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5

Generally, @ represents a symbolic link. There are certain relatively standard format indicators often appended to a filename when displaying it in a list of files, to let you quickly have some idea what it is; I'm not sure if they originated with ls, but ls -F has a nice list of them: / is a directory, @ is a symbolic link (meaning the file is really ...


4

Because Vim is a well-maintained, vi-compatible, Open Source editor, so it is a perfect match for Linux. I've last seen implementations of pure "vi" on proprietary Unixes like SunOS, HP-UX, AIX; you might get "lucky" on BSD, too. (But of course Vim can be installed on those, too.) On Ubuntu, what gets installed by default is a stripped-down version of Vim ...


4

While :e is the correct answer to the question you asked, if the goal is to tail a log with good scrollback, you can use less. F while viewing a file will scroll Forward, with continuous reloading. From the man page: F Scroll forward, and keep trying to read when the end of file is reached. Normally this command would be used when ...


4

One option would be to use exe: exe ":function! SomeFunc() \n return 0 \n endfunction" The \n characters are interpreted as newlines by the double-quoted strings. This does mean you should be careful to escape any special sequences. That said, I want to be able to simply copy and paste the function! command and press Enter... As romainl mentioned, ...


3

After you type : to enter on command mode, or after your insert your command, type CTRL+f. Your history of commands will appear in a new "command-line window". Once there, you could use D from the point where you want to start to delete. Then just type ↩ to execute your command.


3

Not really. You could do something like this; a compound command line instruction: > myfile.txt && vim myfile.txt The > myfile.txt would wipe the contents of the file—but leave the actual file in place—and the && then ties that command to vim myfile.txt.


3

vim is the sucessor to vi. It stands for vi improved. /usr/bin/vi is just a symlink to vim. You can see this with: ls -l /usr/bin/vi To start "classic vi": vim -u NONE myText.txt How it works: vim looks for a config file at ~/.vimrc, if this is found it will run as vim unless the line set compatibility appears in .vimrc. To save editing the .vimrc ...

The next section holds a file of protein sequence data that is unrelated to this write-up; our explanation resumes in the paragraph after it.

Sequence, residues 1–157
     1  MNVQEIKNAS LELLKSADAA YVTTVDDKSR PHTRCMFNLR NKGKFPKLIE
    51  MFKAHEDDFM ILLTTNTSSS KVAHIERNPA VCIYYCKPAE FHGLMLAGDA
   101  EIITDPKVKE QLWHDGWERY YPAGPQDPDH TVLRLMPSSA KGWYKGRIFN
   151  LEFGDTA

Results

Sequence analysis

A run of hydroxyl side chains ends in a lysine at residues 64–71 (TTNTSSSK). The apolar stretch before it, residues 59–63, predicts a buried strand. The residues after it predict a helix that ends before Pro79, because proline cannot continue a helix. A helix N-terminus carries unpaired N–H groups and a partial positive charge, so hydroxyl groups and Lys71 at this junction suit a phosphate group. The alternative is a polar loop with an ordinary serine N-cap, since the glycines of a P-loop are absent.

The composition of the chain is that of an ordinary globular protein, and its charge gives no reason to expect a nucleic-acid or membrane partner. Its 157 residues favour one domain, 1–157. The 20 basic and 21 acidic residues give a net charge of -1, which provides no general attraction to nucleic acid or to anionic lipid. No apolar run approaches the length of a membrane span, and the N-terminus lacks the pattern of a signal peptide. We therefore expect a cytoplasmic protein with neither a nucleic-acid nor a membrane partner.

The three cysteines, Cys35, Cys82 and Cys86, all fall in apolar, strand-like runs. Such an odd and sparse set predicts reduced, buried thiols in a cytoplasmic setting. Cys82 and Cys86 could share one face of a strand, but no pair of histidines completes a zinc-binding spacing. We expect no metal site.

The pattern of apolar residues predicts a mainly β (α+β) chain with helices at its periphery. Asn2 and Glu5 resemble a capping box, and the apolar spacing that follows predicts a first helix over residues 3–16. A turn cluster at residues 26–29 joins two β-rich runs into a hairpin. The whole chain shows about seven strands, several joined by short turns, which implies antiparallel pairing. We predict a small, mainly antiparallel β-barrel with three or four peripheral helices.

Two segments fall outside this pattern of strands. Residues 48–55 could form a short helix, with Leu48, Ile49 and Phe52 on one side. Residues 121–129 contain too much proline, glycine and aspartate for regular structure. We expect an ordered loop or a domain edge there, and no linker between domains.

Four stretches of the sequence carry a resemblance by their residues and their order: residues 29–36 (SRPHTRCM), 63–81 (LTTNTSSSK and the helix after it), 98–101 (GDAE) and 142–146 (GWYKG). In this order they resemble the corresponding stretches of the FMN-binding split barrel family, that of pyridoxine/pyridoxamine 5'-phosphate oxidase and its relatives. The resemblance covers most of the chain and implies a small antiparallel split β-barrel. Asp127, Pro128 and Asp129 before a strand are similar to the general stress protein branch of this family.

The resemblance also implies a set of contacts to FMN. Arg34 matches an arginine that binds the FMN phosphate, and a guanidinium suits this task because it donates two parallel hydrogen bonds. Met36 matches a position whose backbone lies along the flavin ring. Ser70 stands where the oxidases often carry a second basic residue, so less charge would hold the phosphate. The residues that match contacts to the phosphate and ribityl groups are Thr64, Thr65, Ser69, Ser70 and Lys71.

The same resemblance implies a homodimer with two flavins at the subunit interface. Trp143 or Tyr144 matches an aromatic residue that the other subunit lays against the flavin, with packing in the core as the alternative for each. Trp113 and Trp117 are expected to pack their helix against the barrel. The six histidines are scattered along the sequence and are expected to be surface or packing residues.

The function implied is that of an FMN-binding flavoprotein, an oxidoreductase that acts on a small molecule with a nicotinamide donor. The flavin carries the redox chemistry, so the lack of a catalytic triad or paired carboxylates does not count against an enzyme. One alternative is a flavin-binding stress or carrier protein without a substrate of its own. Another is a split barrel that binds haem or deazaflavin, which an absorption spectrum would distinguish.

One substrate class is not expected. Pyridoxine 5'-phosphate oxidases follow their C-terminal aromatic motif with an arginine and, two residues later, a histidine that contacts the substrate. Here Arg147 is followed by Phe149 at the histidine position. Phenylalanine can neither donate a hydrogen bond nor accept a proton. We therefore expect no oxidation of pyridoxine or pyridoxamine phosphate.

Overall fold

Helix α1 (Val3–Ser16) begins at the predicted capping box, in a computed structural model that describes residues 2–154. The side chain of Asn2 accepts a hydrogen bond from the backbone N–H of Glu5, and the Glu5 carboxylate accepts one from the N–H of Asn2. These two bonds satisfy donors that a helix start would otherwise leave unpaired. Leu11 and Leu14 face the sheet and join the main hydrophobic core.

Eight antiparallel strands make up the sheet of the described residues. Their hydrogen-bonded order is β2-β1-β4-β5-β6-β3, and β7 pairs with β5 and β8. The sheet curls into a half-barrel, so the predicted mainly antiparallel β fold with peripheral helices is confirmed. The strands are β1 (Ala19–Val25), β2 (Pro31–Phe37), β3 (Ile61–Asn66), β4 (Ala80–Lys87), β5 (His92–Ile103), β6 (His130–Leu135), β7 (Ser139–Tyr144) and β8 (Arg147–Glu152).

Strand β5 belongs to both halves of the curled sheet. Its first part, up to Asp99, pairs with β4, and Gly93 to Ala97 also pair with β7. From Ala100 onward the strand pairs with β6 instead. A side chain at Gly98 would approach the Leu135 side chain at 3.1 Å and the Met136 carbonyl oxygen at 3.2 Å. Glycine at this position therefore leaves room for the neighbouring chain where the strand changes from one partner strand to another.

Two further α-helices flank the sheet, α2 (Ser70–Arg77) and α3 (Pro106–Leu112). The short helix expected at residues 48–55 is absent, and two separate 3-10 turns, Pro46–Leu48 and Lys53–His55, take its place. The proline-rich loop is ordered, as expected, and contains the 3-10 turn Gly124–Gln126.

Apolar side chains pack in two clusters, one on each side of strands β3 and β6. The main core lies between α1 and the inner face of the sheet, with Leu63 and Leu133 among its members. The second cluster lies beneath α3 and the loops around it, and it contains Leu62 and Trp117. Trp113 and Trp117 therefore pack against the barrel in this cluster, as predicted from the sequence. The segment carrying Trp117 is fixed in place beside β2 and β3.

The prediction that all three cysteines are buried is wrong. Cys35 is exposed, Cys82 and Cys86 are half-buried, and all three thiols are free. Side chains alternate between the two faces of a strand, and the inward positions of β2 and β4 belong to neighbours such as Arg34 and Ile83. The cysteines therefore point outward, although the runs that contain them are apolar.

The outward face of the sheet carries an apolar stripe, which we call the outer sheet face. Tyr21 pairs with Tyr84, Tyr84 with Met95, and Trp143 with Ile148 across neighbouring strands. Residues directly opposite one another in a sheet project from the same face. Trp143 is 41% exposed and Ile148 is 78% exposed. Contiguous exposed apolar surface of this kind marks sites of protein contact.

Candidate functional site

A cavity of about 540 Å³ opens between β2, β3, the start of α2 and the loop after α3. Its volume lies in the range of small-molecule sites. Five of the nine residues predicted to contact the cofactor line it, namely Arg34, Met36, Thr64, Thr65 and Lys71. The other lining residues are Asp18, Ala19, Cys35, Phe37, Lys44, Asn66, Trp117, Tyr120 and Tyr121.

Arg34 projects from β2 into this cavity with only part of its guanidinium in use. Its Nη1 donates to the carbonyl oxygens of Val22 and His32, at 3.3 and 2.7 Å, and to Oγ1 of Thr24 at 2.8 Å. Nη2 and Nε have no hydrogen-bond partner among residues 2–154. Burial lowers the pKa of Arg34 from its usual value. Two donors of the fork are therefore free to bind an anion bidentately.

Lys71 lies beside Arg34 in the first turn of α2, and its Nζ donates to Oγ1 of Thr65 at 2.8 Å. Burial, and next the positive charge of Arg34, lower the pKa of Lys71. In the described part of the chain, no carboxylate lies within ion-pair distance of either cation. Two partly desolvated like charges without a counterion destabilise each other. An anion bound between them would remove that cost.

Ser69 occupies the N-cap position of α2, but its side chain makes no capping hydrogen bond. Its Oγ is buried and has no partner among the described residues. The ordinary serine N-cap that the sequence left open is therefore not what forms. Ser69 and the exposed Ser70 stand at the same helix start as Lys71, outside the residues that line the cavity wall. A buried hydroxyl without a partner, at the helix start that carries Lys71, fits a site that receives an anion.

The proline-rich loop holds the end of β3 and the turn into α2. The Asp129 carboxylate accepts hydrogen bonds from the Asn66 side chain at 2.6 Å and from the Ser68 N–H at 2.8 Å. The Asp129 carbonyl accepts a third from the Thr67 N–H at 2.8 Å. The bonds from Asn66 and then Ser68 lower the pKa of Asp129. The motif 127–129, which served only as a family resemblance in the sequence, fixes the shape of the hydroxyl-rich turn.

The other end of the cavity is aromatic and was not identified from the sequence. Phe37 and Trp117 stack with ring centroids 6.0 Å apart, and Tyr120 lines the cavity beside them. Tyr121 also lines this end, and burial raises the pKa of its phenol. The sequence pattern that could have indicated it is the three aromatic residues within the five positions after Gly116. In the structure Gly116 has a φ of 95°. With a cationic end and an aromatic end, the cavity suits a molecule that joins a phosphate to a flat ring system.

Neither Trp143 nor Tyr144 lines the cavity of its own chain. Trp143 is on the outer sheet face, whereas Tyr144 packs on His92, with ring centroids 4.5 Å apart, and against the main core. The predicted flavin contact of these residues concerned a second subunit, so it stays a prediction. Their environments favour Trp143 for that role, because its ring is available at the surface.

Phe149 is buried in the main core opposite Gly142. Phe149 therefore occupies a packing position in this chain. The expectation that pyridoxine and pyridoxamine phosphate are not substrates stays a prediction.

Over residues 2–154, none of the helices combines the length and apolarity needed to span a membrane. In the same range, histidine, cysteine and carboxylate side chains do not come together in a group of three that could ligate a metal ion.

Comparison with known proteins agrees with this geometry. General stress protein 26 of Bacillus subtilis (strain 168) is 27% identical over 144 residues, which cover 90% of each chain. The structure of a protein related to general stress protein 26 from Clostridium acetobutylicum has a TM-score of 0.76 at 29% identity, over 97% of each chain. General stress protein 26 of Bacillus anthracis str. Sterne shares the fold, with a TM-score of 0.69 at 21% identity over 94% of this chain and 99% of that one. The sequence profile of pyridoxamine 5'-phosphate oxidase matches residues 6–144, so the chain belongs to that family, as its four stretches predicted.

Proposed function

2

Those letters are only there to show you additional information about the item on the left; they can't be used for selection. See :help neocomplete for an explanation. You navigate the default completion menu with <Down> and <Up> and select the highlighted item with <C-y>. See :help popupmenu-keys. Again, read your plugin's documentation ...


2

In Emacs, there's a package to do just that called follow-mode.


2

You will need search for that: c/[_-]<CR> " forward search c?[_-]<CR> " backward search


2

To wipe file you may use: $ vim +%d +w file But that’s not a recreation (removing file and creating new one), a file remains the same (same inode). I guess, there is no difference for you, right? If I’m wrong and you need a new file, I’m afraid, you have to use shell and rm: $ rm file && vim +w file


2

You're right, the downside of :cmap is that it applies to all command-line modes, so it prevents you from searching for those strings, too. One solution is to check the type of command-line mode, via an expression mapping: cnoremap <expr> w1 getcmdtype() == ':' ? 'w!' : 'w1' If you're clever, you can do meta-programming and define all your mappings ...


2

set clipboard^=unnamedplus See :help 'clipboard'. I don't care about clobbering the system clipboard, because there are tools I use to record past clipboard entries. I just want a way to yank to clipboard which is easy enough to perform that I may actually make use of it. Clobbering the system clipboard is precisely a rather big issue with ...


1